Bark, wood, leaves, fruits.
- In the Philippines, decoction of bark used as effective astringent for humid eczema and simple ulcers. Also considered a good febrifuge.
- Decoction of wood also used as febrifuge.
- In Reunion, infusion of leaves used for sudorific effect.
- In Ethiopia, used for skin diseases.
- In Peru, the sour and bitter leaves are chewed for its stimulant effect, like coca leaves.
- In Madras, leaves are used as poultice.
- In Martinique, the aromatic leaves and fruits are used in bath preparations; lotion used as astringent.
- Decoction used for flatulent colic and as purgative.
- In La Reunion, used for gout and rheumatism. Also, used in baths and fomentations.
- Powdered leaves are applied on wounds which would then heal without scars.
- Leaves are applied to burns and scalds.
- In India, used for headaches, backaches, stomach pains, piles and simple ulcers. Leaves used in treatment of rheumatism, gout, hemorrhoids, fractures, and snake bites.
- In Australia, used for wound healing.
- In Pakistan, leaves are
used for fevers and to reduce swelling. Fruit and bark used to treat diarrhea; externally, used to help wounds heal.
Australian aborigines chew leaves for relief of toothache. Chewed leaf pulp are used as binding wads for jelly fish and stonefish stings; juice from prepared wads used as antiseptic. Smoked leafy branches used for flu-like fever and body aches, and for loosening phlegm. (31)
- In Papua New Guinea, leaves used by women to become sterile; leaves rubbed over the womb after having eaten Colocacia antiquorum or Ipomoea batatas. Heated leaves made into a poultice for boils and sores. Bark decoction drunk to treat dysentery. (34)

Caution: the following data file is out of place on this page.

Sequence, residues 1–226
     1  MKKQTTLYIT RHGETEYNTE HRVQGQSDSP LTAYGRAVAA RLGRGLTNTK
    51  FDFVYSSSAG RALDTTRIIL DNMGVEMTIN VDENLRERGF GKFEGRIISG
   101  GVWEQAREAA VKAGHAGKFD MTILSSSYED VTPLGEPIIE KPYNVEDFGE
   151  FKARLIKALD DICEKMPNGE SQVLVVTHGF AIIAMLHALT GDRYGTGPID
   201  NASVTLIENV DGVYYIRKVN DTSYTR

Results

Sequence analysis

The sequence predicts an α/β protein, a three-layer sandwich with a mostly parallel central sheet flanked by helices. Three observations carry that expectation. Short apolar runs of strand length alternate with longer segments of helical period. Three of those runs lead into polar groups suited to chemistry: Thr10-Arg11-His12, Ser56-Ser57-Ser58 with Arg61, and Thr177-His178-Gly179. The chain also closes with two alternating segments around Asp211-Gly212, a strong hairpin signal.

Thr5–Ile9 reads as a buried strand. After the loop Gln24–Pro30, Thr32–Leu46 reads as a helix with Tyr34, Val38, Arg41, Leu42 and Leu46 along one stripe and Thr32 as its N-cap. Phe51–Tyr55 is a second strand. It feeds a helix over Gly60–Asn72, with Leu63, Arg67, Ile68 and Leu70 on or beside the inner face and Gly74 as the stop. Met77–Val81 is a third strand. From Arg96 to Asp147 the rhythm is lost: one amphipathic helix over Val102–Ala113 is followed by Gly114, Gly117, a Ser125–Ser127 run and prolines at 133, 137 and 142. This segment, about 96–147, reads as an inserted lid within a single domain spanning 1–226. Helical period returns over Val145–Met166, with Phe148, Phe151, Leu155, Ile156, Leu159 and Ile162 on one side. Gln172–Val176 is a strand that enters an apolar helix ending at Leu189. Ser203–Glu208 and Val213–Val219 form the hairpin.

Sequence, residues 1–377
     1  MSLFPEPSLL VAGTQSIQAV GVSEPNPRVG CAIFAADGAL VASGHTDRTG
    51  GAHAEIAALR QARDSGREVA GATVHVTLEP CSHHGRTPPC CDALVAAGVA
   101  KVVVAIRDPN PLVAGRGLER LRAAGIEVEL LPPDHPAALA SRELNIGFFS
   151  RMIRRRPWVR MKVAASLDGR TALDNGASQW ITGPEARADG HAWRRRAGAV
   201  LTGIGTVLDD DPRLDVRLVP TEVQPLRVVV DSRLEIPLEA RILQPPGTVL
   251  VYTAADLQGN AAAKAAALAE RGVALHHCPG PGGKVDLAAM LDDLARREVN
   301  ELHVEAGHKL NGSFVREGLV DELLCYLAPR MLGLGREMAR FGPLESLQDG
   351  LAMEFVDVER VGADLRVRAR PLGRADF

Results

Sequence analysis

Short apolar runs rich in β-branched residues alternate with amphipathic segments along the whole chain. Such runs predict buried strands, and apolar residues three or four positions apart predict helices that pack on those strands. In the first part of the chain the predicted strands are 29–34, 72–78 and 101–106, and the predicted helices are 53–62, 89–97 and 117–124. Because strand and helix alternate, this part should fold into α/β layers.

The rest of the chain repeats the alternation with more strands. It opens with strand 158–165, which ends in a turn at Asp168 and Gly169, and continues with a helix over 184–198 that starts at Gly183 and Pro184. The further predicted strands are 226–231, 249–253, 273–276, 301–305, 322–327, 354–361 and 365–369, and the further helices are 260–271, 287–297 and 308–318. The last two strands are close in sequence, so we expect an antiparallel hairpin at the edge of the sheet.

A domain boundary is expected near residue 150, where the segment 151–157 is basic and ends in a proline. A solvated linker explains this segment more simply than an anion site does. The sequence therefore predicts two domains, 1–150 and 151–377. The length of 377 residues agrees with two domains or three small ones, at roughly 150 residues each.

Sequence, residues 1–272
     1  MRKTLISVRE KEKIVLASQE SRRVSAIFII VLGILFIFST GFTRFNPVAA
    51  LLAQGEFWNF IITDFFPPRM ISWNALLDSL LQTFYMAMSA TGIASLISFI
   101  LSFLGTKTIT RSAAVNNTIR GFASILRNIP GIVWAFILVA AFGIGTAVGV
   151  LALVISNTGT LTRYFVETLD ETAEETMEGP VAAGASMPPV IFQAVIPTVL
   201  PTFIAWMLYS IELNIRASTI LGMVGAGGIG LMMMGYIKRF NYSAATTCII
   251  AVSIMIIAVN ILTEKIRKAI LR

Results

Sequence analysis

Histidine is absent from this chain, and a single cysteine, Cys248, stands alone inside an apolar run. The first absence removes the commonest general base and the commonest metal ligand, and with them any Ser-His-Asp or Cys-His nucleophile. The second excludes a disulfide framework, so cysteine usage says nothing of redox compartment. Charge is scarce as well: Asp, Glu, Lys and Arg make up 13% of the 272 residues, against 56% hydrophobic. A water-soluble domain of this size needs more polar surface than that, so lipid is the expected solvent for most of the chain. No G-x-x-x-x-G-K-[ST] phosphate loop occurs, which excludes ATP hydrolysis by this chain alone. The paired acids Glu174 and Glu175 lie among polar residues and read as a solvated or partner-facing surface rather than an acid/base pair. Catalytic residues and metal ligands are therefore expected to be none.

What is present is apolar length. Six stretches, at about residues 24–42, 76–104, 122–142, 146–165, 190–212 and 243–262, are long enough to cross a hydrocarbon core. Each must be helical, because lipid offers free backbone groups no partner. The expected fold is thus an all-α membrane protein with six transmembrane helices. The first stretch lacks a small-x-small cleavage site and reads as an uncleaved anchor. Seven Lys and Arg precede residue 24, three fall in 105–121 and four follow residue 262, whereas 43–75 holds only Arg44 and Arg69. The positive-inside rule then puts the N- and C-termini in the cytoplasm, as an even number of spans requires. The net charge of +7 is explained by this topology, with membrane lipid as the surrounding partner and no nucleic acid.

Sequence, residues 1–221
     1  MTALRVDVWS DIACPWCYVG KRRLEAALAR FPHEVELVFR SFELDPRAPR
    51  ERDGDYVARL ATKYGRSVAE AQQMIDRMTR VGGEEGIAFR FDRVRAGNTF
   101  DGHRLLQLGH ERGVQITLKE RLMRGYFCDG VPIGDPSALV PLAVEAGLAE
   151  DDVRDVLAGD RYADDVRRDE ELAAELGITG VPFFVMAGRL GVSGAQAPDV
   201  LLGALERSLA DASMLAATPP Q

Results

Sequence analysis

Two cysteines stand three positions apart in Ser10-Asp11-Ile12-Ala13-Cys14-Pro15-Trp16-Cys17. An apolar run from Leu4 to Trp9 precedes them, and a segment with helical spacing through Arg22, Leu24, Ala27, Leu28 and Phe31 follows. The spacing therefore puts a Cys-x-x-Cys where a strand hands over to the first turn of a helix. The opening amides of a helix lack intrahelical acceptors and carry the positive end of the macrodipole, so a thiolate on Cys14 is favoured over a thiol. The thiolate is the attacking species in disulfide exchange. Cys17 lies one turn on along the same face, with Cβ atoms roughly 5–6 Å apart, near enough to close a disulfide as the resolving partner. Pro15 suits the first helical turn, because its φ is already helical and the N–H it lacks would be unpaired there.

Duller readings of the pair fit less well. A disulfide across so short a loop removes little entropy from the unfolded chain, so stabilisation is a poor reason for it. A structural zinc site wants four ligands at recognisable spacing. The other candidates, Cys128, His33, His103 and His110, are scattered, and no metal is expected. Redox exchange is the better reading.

• Anti-Inflammatory: Study showed no inhibition of COX-2 and no effect on PGE2 production. Alternative mechanisms for anti-inflammatory activity is considered, such as the alternate arachidonic acid metabolite - 5-lipoxygenase.
• Antioxidant: The hot water extract showed the greatest antioxidant activity, followed by ethanol extracts. Activities were attributed to flavonoids and/or saponins.
• Wound Healing: Initial studies suggest extracts have a strong proliferative effect on fibroblast growth.
• Antifungal: Study showed solvent extracts of leaves and shoots of Dodonaea viscosa were effective against all tested fungi - Aspergillus niger, A flavus, Paecilomyces varioti, Microsporum gypseum and Tricophyton rubrum. All crude extracts were effective against tested fungi, with the chloroform extract showing the stronger inhibition compared to ethanol, methanol, EA, and aqueous extracts. (2)